Children who have fallen behind during the coronavirus crisis must not be made to feel they are being “penalised” by having to attend after-school catch-up classes, schools have been warned.
The move came after Mossbourne Victoria Park Academy, a secondary in Hackney, emailed parents to say a catch-up programme for pupils who have “not engaged” with online learning could include 6pm weekday and Saturday catch-up sessions.
A parent at the school told the Hackney Citizen newspaper that their child was struggling with keeping up with the amount of online learning, describing the catch-up as a “detention”.
But principal Nicholas Rutherford told Schools Week the correspondence was about making sure that “parents and students are absolutely clear” about the plans when all pupils return in September.
He added: “If we want to help them with catch-up, it’s in no way a punishment.”
The government has pledged £650 million in catch-up funding for schools next year.
Government-backed guidance suggests extending the length of the school day to provide additional academic or pastoral support to particular pupils.
The Education Endowment Foundation guidance states this intervention can have a “small positive impact” on learning, attendance and behaviour.
However, it adds: “To be successful, any increases in school time should be supported by both parents and staff.”
A report by The Centre for Education and Youth in May found that some head teachers believed catch-up summer schools may be seen as “punishment” by pupils.
Alix Robertson, an associate at CfEY, said schools are working hard to find ways to help pupils, but added they will want to work with families to avoid young people feeling they are being “penalised”.
She said: “Catch-up should be made available to all, but with a special focus on those most in need, and careful attention must be paid to the wellbeing of the pupils involved, not just exam preparation.”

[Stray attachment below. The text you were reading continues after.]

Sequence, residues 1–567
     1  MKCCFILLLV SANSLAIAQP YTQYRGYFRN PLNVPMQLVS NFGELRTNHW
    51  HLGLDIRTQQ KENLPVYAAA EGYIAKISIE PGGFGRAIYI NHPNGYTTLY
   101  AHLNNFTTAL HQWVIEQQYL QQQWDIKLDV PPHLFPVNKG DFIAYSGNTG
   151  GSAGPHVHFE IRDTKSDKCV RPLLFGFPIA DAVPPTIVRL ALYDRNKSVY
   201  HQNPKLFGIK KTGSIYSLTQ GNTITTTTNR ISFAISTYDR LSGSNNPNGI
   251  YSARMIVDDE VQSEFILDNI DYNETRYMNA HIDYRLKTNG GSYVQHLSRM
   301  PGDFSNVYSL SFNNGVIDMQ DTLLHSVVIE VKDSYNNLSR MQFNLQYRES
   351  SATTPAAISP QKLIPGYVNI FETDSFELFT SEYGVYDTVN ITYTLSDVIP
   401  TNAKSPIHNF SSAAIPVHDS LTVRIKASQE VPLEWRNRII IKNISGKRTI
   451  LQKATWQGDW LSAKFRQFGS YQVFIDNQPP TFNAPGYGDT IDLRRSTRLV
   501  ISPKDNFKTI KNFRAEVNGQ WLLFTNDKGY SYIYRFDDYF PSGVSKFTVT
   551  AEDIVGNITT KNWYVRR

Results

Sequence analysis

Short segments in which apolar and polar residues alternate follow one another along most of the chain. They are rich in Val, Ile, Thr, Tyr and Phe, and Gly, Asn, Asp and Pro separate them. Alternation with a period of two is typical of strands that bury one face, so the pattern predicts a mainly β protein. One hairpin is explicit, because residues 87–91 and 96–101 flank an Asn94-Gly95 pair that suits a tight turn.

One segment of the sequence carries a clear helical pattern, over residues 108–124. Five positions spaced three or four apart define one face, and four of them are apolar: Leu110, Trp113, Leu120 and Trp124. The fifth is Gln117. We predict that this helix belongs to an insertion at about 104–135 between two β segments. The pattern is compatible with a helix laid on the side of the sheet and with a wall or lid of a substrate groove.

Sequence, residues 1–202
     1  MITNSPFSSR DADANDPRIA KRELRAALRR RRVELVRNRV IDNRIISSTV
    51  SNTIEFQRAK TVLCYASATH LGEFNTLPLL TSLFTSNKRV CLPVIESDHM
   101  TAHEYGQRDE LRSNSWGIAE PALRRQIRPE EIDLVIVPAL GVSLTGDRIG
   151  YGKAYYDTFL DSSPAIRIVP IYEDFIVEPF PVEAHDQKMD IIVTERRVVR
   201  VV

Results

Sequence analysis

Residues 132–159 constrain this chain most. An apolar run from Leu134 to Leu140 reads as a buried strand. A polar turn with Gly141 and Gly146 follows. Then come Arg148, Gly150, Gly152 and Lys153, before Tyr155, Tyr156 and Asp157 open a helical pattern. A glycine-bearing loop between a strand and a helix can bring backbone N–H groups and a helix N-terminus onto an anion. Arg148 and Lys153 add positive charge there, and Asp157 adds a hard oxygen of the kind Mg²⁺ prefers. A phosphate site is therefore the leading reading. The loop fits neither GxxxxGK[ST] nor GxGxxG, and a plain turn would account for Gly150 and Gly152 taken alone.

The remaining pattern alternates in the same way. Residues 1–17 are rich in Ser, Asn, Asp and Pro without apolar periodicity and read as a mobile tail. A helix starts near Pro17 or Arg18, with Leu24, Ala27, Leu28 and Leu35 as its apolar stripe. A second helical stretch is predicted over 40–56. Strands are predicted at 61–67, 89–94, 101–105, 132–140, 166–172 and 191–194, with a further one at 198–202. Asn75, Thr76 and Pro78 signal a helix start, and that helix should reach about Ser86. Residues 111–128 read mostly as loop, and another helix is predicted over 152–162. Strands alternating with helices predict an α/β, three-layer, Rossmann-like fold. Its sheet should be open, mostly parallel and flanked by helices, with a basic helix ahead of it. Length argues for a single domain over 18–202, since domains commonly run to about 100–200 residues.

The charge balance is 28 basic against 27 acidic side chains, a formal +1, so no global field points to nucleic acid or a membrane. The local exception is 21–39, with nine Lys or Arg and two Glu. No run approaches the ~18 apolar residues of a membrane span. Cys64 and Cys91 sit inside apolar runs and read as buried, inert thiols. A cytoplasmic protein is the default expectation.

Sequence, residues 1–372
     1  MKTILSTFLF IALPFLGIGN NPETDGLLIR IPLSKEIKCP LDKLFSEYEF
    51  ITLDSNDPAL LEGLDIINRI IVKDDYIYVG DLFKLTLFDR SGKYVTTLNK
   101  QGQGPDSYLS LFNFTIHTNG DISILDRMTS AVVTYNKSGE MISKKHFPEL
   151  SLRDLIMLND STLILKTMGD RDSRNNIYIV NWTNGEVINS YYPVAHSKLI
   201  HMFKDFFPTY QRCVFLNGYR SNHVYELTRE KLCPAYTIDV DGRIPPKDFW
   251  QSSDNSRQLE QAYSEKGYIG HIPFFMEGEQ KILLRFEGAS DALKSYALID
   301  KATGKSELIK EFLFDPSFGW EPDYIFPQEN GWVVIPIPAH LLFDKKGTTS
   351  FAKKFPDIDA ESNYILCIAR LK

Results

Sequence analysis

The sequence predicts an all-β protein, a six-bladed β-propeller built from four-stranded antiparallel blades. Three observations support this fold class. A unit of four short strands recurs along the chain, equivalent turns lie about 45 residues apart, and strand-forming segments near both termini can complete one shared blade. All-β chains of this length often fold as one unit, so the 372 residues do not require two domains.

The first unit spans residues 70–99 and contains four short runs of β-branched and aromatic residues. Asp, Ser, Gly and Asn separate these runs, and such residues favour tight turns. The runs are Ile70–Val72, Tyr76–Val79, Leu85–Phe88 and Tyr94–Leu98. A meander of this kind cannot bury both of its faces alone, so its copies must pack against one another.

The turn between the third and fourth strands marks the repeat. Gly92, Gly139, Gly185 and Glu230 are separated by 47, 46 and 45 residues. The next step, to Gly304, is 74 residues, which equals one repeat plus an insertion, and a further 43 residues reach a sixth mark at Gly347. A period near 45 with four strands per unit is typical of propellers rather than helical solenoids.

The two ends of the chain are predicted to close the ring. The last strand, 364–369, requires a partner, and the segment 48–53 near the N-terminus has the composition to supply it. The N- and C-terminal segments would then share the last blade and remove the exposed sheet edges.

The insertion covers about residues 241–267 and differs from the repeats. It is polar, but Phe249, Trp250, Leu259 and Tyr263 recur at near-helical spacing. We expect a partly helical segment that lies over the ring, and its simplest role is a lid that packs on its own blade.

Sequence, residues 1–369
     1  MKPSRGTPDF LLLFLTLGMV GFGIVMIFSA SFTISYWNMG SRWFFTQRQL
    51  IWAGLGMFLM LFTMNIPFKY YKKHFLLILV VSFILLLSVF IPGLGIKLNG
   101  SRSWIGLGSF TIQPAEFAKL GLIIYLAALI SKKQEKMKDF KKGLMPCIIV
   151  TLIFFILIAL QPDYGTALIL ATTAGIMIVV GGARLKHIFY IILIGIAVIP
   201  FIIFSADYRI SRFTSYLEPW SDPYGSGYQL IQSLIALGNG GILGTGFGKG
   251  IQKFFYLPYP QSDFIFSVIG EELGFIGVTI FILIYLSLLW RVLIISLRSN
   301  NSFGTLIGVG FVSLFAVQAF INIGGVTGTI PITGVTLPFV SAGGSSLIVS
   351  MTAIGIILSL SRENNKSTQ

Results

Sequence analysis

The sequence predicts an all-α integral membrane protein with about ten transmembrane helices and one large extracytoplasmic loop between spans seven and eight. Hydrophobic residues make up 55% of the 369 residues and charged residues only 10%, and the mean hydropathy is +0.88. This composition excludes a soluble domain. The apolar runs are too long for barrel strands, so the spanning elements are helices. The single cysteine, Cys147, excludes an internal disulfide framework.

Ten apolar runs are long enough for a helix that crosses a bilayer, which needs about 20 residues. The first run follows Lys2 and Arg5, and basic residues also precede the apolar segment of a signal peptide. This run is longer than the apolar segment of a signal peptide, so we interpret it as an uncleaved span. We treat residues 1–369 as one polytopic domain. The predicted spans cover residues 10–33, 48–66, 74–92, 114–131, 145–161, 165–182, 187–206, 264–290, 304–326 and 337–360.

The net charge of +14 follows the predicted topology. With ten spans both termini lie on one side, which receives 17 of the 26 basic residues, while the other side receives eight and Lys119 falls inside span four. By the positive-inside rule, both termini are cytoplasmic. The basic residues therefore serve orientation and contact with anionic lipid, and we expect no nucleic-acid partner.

The email to parents at Mossbourne says that work set at home is “not voluntary” and if individual circumstances means it’s not possible, “we should have been informed so that we can provide support”.
It added: “We understand the challenges involved in trying to make sure your child completes all of their work, and so our policy remains that students will not be sanctioned if they fail to complete work set.
“However, we will be putting together a programme of catch-up sessions next year for students who have fallen behind, which students must attend if selected.”
It adds that a catch-up programme could include – but was not limited to – sessions at 6pm and on Saturdays.
Rutherford said the school has provided laptops to parents, as the government-funded devices didn’t arrive until July, as well as printing out work for parents to collect.
He said the letter is “quite clear that if there are things that have stopped students completing work then absolutely, tell the school, make sure we know, maybe we can support”.
He added: “But when we come back it’s just about making sure that parents and students are absolutely clear – if we want to help them with catch up it’s in no way a punishment … [or an] unpleasant experience. It’s meant to be a support for them when they come back for school and I hope it will be taken like that.”
Stuart Lock, chief executive of Advantage Schools, said schools investing significant resources to teach and supervise pupils learning on Saturdays and after school “must be commended”.
He added: “No school leader is going to do this without considering individual circumstances, but in this case the school appears to have signalled its intention in advance.”
But there may be complications with enforcing compulsory after-school sessions.
Michael Brotherton, partner at law firm Stone King, said that “requiring a student to attend school after hours and/or on a Saturday can only be made compulsory if it is a detention.
“And given that detentions can only be given as a sanction for a breach of the school rules, it’s difficult to see how a school can effectively impose a detention when it is unlikely that the school rules will have covered this point in any case.”
Jo Hutchinson, director of social mobility and vulnerable learners at the Education Policy Institute, warned that conflating issues of academic progress with discipline is “likely to prove counterproductive”.
“It could very easily lead to disengagement from pupils and their families, resulting in poorer progress in learning.”
Brotherton suggested the “easiest way” to approach such plans would be to “extend the school day by a period of time which allows for a catch-up session every day for a certain number of students, and then it wouldn’t be detention based”.